Q: I want to make maximum effective use of my time. I have an hour of commute most days and have been listening to podcasts but I have been considering using the time to make customer discovery or sales calls. Do you have an recommendations on the best way to do this?
I think it’s a not a good idea to initiate a customer discovery conversation when you cannot be fully present and cannot take notes. That does not mean that you have to be face to face (although you learn a lot more from a face to face conversation) but I think it’s difficult to catch the nuance of the conversation when you are driving–even it you are just waiting for the light to change.
If you have a purely informational message and are looking for a simple yes/no/number answer (e.g. calling your spouse to ask if you need to pick up anything at the store on the way home) then a quick call saves everyone time and disappointment. But I can see this calling while driving approach going awry quickly if you get a new question from a prospect that you cannot give your attention to because someone is trying to change lanes in front of you or a pedestrian may or may be about to step off the curb or there may be a child chasing that ball that bounced across the road two seconds ago.
In my experience B2B sales conversations are expensive to arrange and difficult to “do over” if you don’t fully engage. You often hear about how it’s a numbers game but most markets are small towns where there are not that many folks you can call at a given time that are ripe for making a change. It can be difficult to recover from a poor first impression; if you follow up when they are considering making a change.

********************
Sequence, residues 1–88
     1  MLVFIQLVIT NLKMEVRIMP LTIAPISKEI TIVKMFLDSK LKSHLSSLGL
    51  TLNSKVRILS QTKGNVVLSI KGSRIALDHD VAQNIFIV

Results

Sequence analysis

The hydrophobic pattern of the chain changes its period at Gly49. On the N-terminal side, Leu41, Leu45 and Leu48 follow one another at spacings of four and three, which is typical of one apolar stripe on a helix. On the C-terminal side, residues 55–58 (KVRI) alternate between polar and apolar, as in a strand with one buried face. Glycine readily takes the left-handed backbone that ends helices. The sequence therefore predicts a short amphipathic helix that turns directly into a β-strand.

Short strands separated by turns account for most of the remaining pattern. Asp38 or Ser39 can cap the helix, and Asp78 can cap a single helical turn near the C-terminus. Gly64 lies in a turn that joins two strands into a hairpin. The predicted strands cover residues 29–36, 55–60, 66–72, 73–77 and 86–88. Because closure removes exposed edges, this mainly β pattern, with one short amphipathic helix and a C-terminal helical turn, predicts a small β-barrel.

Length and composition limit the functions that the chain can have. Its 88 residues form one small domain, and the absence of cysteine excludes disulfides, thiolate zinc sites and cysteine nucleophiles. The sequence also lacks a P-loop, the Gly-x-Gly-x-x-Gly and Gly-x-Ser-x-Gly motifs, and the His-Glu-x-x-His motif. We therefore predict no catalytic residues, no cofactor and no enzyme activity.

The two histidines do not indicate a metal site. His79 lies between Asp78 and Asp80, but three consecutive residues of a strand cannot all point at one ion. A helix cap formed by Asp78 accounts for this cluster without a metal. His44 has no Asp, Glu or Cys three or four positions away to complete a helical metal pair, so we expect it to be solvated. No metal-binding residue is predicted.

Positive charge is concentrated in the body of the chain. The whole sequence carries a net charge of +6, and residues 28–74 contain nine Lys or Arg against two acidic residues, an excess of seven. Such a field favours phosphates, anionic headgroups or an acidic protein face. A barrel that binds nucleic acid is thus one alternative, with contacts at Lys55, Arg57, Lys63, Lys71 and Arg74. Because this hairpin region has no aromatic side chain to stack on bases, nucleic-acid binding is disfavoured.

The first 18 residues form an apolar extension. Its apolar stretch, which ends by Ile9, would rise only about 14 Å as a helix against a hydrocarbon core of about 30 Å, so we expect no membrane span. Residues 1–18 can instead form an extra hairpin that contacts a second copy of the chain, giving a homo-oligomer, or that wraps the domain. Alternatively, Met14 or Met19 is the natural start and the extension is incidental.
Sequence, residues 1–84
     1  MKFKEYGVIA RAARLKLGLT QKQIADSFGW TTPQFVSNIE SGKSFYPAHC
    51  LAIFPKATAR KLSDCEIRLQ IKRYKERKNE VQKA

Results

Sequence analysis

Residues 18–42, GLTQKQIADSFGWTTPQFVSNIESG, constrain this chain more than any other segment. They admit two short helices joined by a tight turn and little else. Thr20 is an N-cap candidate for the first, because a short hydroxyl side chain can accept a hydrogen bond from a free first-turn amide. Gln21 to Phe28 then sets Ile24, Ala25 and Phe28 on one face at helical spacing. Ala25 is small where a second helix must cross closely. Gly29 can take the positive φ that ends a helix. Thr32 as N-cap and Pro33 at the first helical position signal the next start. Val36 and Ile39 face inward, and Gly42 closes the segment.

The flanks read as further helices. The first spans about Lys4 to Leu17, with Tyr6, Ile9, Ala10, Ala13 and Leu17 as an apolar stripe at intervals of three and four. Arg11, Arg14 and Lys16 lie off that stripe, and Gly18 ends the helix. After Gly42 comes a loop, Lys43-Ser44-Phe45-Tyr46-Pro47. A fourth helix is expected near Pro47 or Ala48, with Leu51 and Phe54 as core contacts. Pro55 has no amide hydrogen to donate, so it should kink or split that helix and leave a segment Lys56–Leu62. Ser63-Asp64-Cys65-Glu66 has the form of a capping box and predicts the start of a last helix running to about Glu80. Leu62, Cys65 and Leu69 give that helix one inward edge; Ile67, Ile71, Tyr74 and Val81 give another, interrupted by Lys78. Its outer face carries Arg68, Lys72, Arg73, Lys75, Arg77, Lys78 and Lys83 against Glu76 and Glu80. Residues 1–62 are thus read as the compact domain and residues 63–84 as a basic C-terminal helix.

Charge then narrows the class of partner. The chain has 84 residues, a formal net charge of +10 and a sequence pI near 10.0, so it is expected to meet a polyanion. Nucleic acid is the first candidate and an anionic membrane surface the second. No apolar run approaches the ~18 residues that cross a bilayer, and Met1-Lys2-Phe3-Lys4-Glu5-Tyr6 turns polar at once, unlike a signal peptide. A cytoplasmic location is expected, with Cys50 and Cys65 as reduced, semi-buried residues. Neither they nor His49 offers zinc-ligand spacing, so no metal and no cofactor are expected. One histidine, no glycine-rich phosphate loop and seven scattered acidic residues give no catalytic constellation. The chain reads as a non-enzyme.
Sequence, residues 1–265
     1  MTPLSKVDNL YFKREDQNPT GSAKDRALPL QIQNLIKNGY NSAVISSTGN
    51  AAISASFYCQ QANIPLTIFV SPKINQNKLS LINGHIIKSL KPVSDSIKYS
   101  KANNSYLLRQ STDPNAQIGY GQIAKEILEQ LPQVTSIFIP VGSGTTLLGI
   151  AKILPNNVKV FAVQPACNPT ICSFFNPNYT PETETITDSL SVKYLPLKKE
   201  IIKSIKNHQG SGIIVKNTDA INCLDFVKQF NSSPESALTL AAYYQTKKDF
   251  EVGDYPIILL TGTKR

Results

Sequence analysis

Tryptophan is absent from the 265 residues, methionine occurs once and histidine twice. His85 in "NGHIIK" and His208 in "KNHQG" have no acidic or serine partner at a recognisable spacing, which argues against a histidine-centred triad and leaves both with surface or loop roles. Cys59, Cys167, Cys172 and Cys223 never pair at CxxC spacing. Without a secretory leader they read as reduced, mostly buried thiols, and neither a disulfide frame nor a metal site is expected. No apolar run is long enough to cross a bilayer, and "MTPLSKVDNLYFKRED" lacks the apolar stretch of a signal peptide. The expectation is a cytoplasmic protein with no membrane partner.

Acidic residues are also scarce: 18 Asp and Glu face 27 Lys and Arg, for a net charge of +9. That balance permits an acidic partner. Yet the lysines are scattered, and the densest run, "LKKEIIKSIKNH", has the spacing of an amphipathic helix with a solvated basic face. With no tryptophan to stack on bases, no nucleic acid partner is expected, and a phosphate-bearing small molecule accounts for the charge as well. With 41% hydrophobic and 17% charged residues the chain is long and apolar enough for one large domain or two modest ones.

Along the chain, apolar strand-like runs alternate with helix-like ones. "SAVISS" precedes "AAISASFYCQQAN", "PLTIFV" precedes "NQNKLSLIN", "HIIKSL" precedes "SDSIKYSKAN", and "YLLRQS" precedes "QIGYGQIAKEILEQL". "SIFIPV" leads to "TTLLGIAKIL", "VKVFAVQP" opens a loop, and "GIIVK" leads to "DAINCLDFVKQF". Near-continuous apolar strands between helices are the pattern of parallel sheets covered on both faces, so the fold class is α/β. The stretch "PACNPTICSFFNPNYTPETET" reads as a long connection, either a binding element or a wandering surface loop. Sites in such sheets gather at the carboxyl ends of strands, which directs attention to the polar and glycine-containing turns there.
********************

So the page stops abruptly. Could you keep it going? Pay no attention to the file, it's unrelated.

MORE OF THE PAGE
For any successful and most educational–and by educational I mean “those things which hurt also teach”–discovery calls I am taking notes contemporaneously. I understand how a headset can make the conversation hands free but how do you take notes about important issues, questions, or commitments that you need to address in a follow up?
Seth Godin offered this advice in “Texting While Working”
You’re competing against people in a state of flow, people who are truly committed, people who care deeply about the outcome. You can’t merely wing it and expect to keep up with them. Setting aside all the safety valves and pleasant distractions is the first way to send yourself the message that you’re playing for keeps
If you are competing against a team that’s not making calls while they are driving, who is more likely to learn something and to win the business?
If someone I am already doing business with calls with a quick update while driving that’s one kind of communication, but if someone I don’t know is clearly calling from a car or appears distracted or disinterested (whether or not I can tell they are driving) it’s much less likely I am going to go forward to explore a potential business relationship.
Don’t fall into a common trap of an entrepreneurs focusing on trying to save time at trust building activities and not focusing on increasing their chance for success. Even though sales can be a “numbers game” thinking about it purely in those terms tends to minimize the amount of learning that takes place (trying the same tactics and approaches over and over again because everyone knows its a “numbers game”) and lessens the focus on building rapport and listening carefully to questions and objections (looking instead for “smarter prospects” by talking to more people because its a “numbers game”).”
The paradox of B2B selling is that it’s about people and relationships, not numbers. People think of consumer markets as more personal than business, but it’s the reverse. If you cannot make the time for a phone call when you are at your desk or somewhere that you can be fully present in the conversation, calling prospects from your car is unlikely to be well received.
We explored the implications of “Texting While Working” in a panel discussion with three entrepreneurs
Also “Talking On Your Cell Phone While Driving May Be Hazardous to Your Close Relationships” offers some additional reasons why a cell phone conversation while driving may work against improving trust in a relationship. Summaries available at